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About The Oregon daily journal. (Portland, Or.) 1902-1972 | View Entire Issue (Sept. 23, 1920)
ie All Here and W$ Alt True
THE WEATHER Tonlfht nd Tridfcy.
rmln; aoutherlr wind.
Maxim am temprturM Wlnalay;
rortlnd CO Nw Orleavna.... 8
BolM 4 New York....... M
horn Anfele...w 71 8L Paul.. ...... 80
Strike and Strike
. Thors ara different kind in the nnn today.
Hnncer strikes, foe Instance, and HMtiJ strikes
and baseball, tad alt er reported is tbs eofoaan
of T1i J (m mil, which it (oltt( to tlx Pendleton
Reand-Ue by airplana.
VOL. XIX. NO
1 RQ lir1 m Srand-Chai Matttr',
PORTLAND, OREGON, THURSDAY EVENING, SEPTEMBER 23. 1920.TWENTY-TWO PAGES
nntnn prft rTXTT's M TMaiNt AMD Jtrw
rtU,E iTVW V" 3 ITANDI FIVI CENTS
1 . 1 : : rr:
Republican Factional Troubles
Place Illinois and Indiana in
Doubtful Column; Evading
League Issue Hurts Harding.
Silver Takes Cue From Slogan of Round- Up
By Robert J. Bender
UnlUd Nrwv Staff Oormpofutent.
New Tork. Sept. 23. Event of
tha Uat few Saya have had a more
beneficial effect on the campaign
of Governor Cox than anything that
could toe pointed to since Ita lncep
In order, they may ba set forth aa
Tha IUInola primary elecUdtj. which
has left the Republican party in that
state a factional machine with north and
anuih lmentB flarhtlnc each other.
A similar situation in Indiana, where
Governor Goodrich through hlai new tax
laws and other activities has created a
bitter nntl-Republlcan spirit In many
sections. There, also, are factional dls
turbanceV which threaten the candidacy
-. Wot unn ttir reelection.
U 1 . tt 1 1 1 1' i . V fi-
MAT CABRT ILLINOIS (
The entrance of the White House into
the presidential campaign with a notable
increase both In contrlbutlonfcfjad prop
aganda to support the Derhocrav, nom
inee. , i ,vt
The notable difference In vMaSj be
tween Republican leaders on the ubject
of Just what Senator Harding sUnds
for In the way of a League Of Nations,
and the Imminent likelihood that Hard
ine way have to be more explicit, with
the attendant possibility of his offend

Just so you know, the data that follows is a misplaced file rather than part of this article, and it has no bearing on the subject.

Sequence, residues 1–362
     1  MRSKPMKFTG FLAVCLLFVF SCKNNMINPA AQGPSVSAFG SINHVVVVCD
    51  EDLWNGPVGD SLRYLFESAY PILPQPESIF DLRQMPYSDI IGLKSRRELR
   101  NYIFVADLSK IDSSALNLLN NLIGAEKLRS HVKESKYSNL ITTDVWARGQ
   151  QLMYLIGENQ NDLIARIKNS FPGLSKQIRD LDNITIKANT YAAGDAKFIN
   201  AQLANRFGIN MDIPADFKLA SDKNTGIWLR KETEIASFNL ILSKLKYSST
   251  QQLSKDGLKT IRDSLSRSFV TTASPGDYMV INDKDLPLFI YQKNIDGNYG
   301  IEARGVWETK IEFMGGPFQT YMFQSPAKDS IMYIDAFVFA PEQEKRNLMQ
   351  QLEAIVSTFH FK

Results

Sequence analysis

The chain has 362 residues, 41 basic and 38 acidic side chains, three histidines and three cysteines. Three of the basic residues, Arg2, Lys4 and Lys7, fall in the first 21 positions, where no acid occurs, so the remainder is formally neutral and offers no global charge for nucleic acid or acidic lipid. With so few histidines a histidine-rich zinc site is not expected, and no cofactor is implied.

ing one faction or the other In the
The Illinois primary election, coming
as It ha at a time when ths Democrats
are better united than they have been
in years, leaves the Republican machin
ery In much the same condition that
the Democratic machinery has been in
in the past. Republican leaders frankly
express some concern over the situation
and Democratic leaders for the first time
during the campaign express hope of
carrying- Illinois, a hope which under
a) normal conditions would appear almost
KARBOW MAHOUT LIMIT
,..In Indiana the situation is very simi
lar as things stand today. yGovernor
Cloodrich Is highly unpopular, as a re
sult of a new and thoroughly disliked
tax law. The Indianapolis News, a
newspaper of strong political Influence,
ryvintifvMnj4,.Brii ,rwrr,wfr -gJ!Wjf(W pistes;:
- J tii , i
Mil A: I 'At, I
BONNIE M'CAROL learning that "Let 'Er
Buck," followed by realistic action on the part
of the famous bucker, "Silver," means biting the
dust unless therider can display the qualities of a
postage stamp. tJilver and Bonnie are known to those
who have attended the epic of the West in years gone
by and will furnish thrills again at Pendleton this
week before the record-breaking crowd. Bright skies
greeted the opening of the Round-Up gates and
horses and riders were on tip-toe, ready to make the
1920 classic "better than ever. Crowds are pouring
into Pendleton from all directions.
h j tAv ! 'VV: W ;r n - :y p
Ayly' 4"" a IHaI , W . V'-n .VfrT rJrtif'
In Few Minutes
Valuation Committee, in Report,
I: Greatly Reduces Value Put on
15521-2 Acres in Project by
Committee of Fifteen and Port
An appraisal of th.e J5524 acres of
land In the Swan Island project at
nearly $1,000,000 Jess than had been
estimated by the Port of Portland
commission and the Committee of 15
was reported to the Commitee of
15 Wednesday evening by the ap
praisal board appointed by the Port
of Portland, the city council, the
dock commission and the Realty
The total value placed on the lands
by appraisal it IS.675.90. The ratio to
the assessed valuation is 2.01. Prior to
the appraisal, members of the port com
mission and the Committee of 15 had
stated three times the assessed valua
tion might be paid.
The lands in the Swan island project
include 267.9 acres In Swan island. 718.39
acres in the Guilds lake district and
496.2 acres In Mocks Bottom.
The total assessed valuation, accord
ing to the Boschke report to the com
mittee, is 61.744.94S. In the same report
the assessment of Guilds lake district
appears as 11.183. 545, of Swan island
as $30,000 and of Mocks Bottom as 6471.-
A toy balloon which lodged in the
throat of Louis Pagelll. 11, of Mil
waukie. about noon" - Wednesday,